Did you know — the gut microbiome is all the rage these days. But what’s often overlooked is that to build a healthy gut, you’ve got to start with your mouth.
Your mouth has a microbiome too. And it needs more attention than simply brushing your teeth twice a day.
If you’ve taken your oral microbiome for granted, you’re not alone.
Most people don’t even spend a moment thinking about it since so much of the health info is so gut-focused.
But you really should. Keep on reading to find out why you shouldn’t drop the ball on oral care if you plan to build a healthy gut.
Why Should You Care About Your Oral Microbiome?
If you’re planning on spending time, energy, and money to rectify your “Leaky Gut” situation, your mouth’s microbiome should be a part of your plan.
It’s the beginning of your digestive “tube”, as I like to say.
It’s also home to one of the most populated bacterial residences on/in your body that’s easy to overlook. (1)
You might think that whatever you’re doing for your gut will also help your mouth, but it’s worth the extra effort.
And if you’re in “Maintenance Mode” with your gut, then addressing your oral microbiome is a no-brainer.
The only people who tend to care about their oral flora are those with heart conditions who’ve been advised to take antibiotics before having dental work and those with dental problems.
Everyone else seems to take cavities (also more formally known as dental caries) for granted as just a “normal” thing everyone gets.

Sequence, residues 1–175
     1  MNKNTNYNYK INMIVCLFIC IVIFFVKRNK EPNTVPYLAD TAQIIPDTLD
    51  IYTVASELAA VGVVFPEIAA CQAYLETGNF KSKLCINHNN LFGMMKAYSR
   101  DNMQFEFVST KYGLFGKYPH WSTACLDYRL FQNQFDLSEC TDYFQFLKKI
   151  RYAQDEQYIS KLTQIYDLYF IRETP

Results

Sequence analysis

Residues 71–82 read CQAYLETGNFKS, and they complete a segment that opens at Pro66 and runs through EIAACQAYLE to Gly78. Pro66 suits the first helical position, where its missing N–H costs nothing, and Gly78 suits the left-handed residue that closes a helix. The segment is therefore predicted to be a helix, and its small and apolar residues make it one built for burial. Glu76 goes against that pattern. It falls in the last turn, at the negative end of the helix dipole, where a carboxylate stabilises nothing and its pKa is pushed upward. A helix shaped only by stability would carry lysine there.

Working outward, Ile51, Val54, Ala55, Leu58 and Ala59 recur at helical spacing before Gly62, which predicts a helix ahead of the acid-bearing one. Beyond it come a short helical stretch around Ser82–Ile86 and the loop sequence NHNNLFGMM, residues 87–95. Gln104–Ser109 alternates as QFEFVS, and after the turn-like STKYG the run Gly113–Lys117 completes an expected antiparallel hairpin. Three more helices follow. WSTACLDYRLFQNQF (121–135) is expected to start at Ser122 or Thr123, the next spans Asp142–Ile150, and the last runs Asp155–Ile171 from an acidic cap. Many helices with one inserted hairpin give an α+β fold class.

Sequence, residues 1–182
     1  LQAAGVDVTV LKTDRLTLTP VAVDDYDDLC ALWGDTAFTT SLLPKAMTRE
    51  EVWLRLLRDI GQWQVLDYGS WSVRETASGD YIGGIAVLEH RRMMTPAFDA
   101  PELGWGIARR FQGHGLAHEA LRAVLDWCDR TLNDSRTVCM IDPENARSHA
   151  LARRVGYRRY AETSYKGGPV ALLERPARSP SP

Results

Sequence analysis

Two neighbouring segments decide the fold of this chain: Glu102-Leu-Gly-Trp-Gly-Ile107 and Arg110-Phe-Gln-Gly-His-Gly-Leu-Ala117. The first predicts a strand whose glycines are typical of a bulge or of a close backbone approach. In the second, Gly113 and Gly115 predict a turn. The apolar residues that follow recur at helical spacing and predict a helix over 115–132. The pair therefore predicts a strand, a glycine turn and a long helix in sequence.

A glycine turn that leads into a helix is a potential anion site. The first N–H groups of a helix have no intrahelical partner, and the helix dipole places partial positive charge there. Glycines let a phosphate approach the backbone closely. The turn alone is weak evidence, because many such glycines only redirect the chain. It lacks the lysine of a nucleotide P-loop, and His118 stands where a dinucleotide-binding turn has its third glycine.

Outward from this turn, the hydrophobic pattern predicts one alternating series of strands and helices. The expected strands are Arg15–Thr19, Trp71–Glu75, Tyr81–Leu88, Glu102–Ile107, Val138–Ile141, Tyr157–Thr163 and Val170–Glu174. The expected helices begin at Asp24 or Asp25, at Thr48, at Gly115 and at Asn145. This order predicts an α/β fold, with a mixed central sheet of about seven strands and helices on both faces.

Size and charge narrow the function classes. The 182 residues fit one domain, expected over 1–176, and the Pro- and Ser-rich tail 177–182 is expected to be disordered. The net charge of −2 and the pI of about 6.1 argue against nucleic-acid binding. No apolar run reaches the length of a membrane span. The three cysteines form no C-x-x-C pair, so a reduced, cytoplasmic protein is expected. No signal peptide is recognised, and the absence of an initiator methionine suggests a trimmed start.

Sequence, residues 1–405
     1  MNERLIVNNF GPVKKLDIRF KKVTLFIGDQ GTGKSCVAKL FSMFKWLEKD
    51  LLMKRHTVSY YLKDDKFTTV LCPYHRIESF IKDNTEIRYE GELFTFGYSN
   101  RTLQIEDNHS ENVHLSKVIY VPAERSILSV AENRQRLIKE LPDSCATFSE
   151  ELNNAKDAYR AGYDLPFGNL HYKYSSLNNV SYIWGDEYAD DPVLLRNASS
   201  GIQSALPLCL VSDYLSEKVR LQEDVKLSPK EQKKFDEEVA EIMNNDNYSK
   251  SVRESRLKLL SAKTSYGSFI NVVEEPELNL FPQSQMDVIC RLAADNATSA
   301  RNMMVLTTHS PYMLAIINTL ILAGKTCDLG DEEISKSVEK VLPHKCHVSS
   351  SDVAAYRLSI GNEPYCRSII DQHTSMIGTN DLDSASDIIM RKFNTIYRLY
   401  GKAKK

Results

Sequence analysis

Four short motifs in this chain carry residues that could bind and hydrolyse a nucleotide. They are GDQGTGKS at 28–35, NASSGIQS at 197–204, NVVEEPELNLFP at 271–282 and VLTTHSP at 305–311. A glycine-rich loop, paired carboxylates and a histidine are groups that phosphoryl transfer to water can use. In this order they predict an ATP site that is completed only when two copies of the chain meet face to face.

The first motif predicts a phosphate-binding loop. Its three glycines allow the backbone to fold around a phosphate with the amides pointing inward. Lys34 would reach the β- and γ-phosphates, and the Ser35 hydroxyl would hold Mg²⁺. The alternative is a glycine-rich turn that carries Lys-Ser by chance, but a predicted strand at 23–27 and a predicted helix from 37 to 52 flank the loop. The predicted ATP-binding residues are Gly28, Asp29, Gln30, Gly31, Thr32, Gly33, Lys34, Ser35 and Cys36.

But that’s not always the case!
One way small intestine bacterial overgrowth (SIBO) can happen is due to low stomach acid that allows oral bugs to make their way down to the small intestine.
Stomach acid serves a number of purposes. And one role that doesn’t often get much attention is its role as a chemical barrier! It’s there to prevent bacteria, viruses, and parasites from entering your body through your mouth.
So if you’ve got low stomach acid and your oral microbiome is dysbiotic, it can be a recipe for trouble!
Oral Microbiome Disruptors
While it’s true that what messes up your gut microbiome will also mess up your oral flora, there’s a few that deserve special highlighting.
- Excessive alcohol use – While one glass of wine now and then won’t rock the boat, heavy drinking is definitely a risk factor (more than three alcoholic drinks per day). (2,3)
- Antiseptic mouthwashes (4)
- Acidic drinks (ie. sugary sodas, juices, commercial ice tea)
- Refined sugars in diet
One of the biggest hits comes from the use of antiseptic mouthwashes that are pushed by many dentists. They work in a similar fashion to antibiotics — killing off both the good and bad oral flora. (4)
That leaves room for opportunistic bacteria and yeast to take over your mouth microbiome.
And believe it or not — we have to throw H. pylori infections into this discussion!
To build a healthy gut means avoiding H. pylori. There appears to be some data and medical experts who believe that oral infections are possible even if you test negative for it in the stomach. However, one study showed that healthy oral flora may be able to control or even totally blocked an H. pylori infection. (5)
This is a big deal for people who want to avoid an infection from the get-go (or even a recurrence) of H. pylori.
Furthermore, there are links between the healthfulness of your oral microbiome and systemic diseases such as Coronary Heart Disease and Type 2 Diabetes. (6) Just more food for thought if your quest for good gut health is part of your plan for overall long-term wellness.
How To Build A Healthy Gut By Starting In Your Mouth
One thing I’ve learned about your body’s amazing microbiome is that strains of bacteria matter. I’ve previously discussed how even your skin’s microbiome varies based on location.